Nobody Drives in LA — Los Angeles Train Map

Nobody Drives in LA

Los Angeles was made possible by trains. Rate wars between Southern Pacific and Atchison, Topeka, and Santa Fe railways ignited the first population boom. To this day, the vast, expansive Pacific Electric Railway was the largest interurban electric railway the world has ever known. Its primary purpose was o expand growth in the suburbs — or as they were known then, “toonervilles” — after a popular comic strip, The Toonerville Trolley That Meets All the Trains.

Screen shot
Screen shot of Los Angeles’s railways and train-related sites of interest

Metro operates four light rail lines, two subways, and two metro liners. There are currently 86 stations and 158.5 kilometers of rail although more are under construction — the Gold Line Foothill Extension just opened and the Expo Line Extension opens in May. Metrolink maintains 55 stations and their seven lines cover 624 kilometers.

Metrolink, too, is expanding, with the (39 kilometer Perris Valley Extension opening any day now. Los Angeles and Southern California is also served by the national service, Amtrak, national bus services, the ferry service Catalina Express (older than either Metro or Metrolink), two domestic airports, and one international airport (with two more in the region).

Southern California
Pendersleigh & Sons Cartography‘s watercolor map of all passenger rail in Southern California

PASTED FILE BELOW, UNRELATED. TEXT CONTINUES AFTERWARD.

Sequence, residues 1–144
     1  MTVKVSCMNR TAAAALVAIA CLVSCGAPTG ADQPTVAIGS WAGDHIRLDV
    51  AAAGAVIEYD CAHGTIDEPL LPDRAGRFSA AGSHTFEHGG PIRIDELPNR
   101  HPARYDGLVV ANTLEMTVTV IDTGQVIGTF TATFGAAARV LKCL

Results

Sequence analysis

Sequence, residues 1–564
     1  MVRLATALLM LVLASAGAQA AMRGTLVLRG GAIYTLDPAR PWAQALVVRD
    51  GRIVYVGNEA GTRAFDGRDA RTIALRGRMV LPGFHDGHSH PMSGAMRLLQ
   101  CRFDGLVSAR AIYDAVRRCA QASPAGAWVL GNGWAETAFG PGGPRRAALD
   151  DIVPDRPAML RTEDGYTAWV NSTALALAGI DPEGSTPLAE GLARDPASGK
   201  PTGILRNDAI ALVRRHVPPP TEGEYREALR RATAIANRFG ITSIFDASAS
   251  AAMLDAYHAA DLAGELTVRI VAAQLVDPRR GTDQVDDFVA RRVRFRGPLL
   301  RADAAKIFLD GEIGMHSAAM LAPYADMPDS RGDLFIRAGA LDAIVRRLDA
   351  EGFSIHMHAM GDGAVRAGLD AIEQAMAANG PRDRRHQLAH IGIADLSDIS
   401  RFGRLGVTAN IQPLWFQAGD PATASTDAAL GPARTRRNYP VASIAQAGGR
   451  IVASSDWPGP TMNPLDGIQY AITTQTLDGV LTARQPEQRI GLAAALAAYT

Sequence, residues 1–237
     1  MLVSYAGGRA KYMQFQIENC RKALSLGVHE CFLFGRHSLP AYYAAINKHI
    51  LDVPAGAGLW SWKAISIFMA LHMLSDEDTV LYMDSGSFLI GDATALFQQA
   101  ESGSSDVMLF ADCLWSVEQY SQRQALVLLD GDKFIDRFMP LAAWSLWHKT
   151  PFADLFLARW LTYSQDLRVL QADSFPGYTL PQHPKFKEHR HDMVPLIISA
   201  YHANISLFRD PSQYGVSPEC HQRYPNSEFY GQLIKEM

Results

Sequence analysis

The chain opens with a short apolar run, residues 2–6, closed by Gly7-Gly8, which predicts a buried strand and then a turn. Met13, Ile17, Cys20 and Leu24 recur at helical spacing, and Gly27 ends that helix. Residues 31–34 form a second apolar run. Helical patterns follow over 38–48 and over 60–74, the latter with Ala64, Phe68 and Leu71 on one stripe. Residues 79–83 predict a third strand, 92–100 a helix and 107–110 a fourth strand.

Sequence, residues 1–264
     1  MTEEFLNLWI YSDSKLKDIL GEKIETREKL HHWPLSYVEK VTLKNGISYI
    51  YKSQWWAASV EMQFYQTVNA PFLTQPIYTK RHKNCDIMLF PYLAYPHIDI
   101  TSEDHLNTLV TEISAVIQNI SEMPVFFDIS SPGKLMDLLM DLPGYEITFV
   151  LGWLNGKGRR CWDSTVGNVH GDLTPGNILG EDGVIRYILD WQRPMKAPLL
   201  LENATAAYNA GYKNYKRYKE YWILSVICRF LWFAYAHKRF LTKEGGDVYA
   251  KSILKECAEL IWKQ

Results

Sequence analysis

I made this train map for fun and because finding comprehensive rail maps online is surprisingly difficult. Furthermore, most rail maps are designed for clarity — which is nice — but removes a sense of the railways’ (and their stations’) surroundings. I’ve also included abandoned rail cars, model railroad clubs, novelty trolleys, &c. I didn’t include buses (aside from Metro Liners) here because there are 170 Metro bus lines — not to mention dozens of other transit providers. It would too cluttered (and too much work). I did include the ferries, however, in part to remind people that Los Angeles includes two large islands (Santa Catalina and San Clemente) and also to nudge Angelenos and visitors into thinking differently about public transit actually is.

This map is a joint venture of California Fool’s Gold, Nobody Drives in LA, and Pendersleigh & Sons Cartography. It is, like our public transit system, a work in progress. I realize that transit advocates (and opponents) are often passionate and particular so please bear with me and offer additions and corrections with kindness and not blunt, internet outrage. I endeavor to make corrections in a timely manner but I’m not too concerned with exact rail alignments down to the millimeter so if my casual but fairly comprehensive approach disappoints you, I encourage you to make your own map. Thanks! Oh, and if you want to explore a great Pacific Electric map, The Militant’s Pacific Electric Archaeology Map, click here).

*****

Eric Brightwell is an adventurer, writer, rambler, explorer, cartographer, and guerrilla gardener who is always seeking writing, speaking, traveling, and art opportunities — or salaried work. He is not interested in writing advertorials, clickbait, listicles, or other 21st century variations of spam. Brightwell’s written work has appeared in AmoeblogdiaCRITICS, and KCET Departures. His work has been featured by the American Institute of Architects, the Architecture & Design Museum, the Craft & Folk Art MuseumForm Follows FunctionLos Angeles County StoreSkid Row Housing Trust, and 1650 Gallery. Brightwell has been featured in the Los Angeles TimesHuffington PostLos Angeles MagazineLAistEastsider LABoing BoingLos Angeles, I’m Yours, and on Notebook on Cities and Culture. He has been a guest speaker on KCRW‘s Which Way, LA? and at Emerson College. Art prints of his maps are available from 1650 Gallery and on other products from Cal31. He is currently writing a book about Los Angeles and you can follow him on FacebookInstagram, and Twitter.

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